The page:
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Script to Remove ~/.gvfs


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 PostPosted: Sun Dec 18, 2011 5:44 pm   

Joined: Sun Dec 18, 2011 5:33 pm
Posts: 1
Good Day

A wee bit of puzzle for me. Hope someone can help. I am using Linux Mint KDE 4.7.2.

A sudo BASH script using rsync fails when it contacts ~/.gvfs. I run a cron root script to do a system incremental backup. Unfortunately, 'sudo ls -al' does not show ~/.gvfs neither does 'kdesudo dolphin'. Apparently ~/.gvfs is a mounted folder in the user directory that is used to hold a GNOME file system(?). It is above my technical grade but a search for 'remove .gvfs' will return hundreds maybe thousands of hits. The ~/.gvfs directory is read only for the user and forbidden for everyone else. I cannot change the permissions unless I umount the directory first(?).

At the command line I can use:

sudo umount -fl /home/???/.gvfs
sudo -R chmod 755 /home/???/.gvfs
sudo rm -vR /home/???/.gvfs/*
sudo rmdir -v /home/???/.gvfs

and everything works. No more ~/.gvfs.

But as soon as I incorporate it into a script, nothing works. It is as if the following code was none existent:

(run as root)
# remove .gvfs directory/files
if [ -d /home/???/.gvfs ]; then
exit
umount -fl /home/???/.gvfs
sudo -R chmod 755 /home/???/.gvfs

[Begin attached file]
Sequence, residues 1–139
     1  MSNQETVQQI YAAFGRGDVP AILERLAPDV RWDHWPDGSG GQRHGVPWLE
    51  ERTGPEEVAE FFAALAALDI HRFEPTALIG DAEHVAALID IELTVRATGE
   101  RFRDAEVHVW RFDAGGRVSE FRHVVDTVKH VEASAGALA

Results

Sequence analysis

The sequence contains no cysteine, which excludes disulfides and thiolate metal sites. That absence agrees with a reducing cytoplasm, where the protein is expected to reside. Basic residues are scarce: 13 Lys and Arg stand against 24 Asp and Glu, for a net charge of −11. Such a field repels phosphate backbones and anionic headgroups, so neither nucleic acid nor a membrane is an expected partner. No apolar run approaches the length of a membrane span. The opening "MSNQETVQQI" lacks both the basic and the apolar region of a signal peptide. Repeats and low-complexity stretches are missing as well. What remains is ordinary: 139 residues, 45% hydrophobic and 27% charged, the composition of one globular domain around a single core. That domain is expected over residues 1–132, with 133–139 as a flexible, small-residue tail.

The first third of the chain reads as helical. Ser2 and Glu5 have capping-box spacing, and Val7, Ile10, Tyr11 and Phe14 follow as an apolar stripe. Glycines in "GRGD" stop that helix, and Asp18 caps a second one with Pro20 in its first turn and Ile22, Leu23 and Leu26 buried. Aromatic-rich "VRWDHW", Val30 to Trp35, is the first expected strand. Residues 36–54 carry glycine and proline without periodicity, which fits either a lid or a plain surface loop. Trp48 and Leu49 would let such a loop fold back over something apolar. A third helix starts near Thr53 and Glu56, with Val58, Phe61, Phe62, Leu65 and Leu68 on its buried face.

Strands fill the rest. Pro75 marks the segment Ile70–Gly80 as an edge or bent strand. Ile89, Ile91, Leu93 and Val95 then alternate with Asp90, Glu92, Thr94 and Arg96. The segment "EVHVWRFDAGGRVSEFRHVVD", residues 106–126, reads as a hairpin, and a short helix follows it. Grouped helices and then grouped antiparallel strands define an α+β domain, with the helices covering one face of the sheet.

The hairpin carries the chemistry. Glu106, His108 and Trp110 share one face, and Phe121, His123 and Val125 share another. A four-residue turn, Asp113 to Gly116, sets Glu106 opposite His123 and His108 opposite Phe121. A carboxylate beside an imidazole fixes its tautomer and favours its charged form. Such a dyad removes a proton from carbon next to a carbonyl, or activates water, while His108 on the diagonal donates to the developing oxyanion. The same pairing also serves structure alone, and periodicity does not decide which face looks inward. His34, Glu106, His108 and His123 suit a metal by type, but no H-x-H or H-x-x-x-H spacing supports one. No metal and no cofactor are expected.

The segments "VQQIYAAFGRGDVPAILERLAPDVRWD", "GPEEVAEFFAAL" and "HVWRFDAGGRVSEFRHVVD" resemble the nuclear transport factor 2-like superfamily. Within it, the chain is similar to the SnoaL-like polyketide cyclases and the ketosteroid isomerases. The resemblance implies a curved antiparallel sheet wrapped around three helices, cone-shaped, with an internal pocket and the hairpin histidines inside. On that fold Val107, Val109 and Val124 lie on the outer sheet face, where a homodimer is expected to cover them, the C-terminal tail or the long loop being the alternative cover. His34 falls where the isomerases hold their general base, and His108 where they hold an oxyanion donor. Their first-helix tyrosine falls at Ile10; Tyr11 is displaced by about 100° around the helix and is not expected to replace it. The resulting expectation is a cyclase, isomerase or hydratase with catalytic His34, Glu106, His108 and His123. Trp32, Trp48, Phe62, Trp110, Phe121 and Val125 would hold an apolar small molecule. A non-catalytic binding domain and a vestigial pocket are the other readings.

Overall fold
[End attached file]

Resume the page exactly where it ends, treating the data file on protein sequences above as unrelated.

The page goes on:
rm -vR /home/???/.gvfs/*
rmdir -v /home/???/.gvfs
if [ -d /home/???/.gvfs ]; then
echo "Removing /home/???/.gvfs failed!"
fi
fi

Exit is never accessed. It is bypassed everytime. I have tried '-e' and '-h' and '-L'.

I know I can insert --exclude=/home/???/.gvfs into the rsync command line but that is, in my opinion, a last resort. Getting rid of the original bug and some extremely large files is my number one priority. gvfs has too many dependencies to remove and it keeps regenerating after I remove it. Worst thing is that I do not use GNOME but I still have the files.

What I need to do is run a root script and delete ~/.gvfs. Any ideas?

Please . . .


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 PostPosted: Thu Jul 05, 2012 1:17 pm   

Joined: Thu Jul 05, 2012 1:13 pm
Posts: 1
See http://www.susetips.com/2009/03/13/how- ... directory/

"Well, the .gvfs is a filesystem, so you can umount it!"


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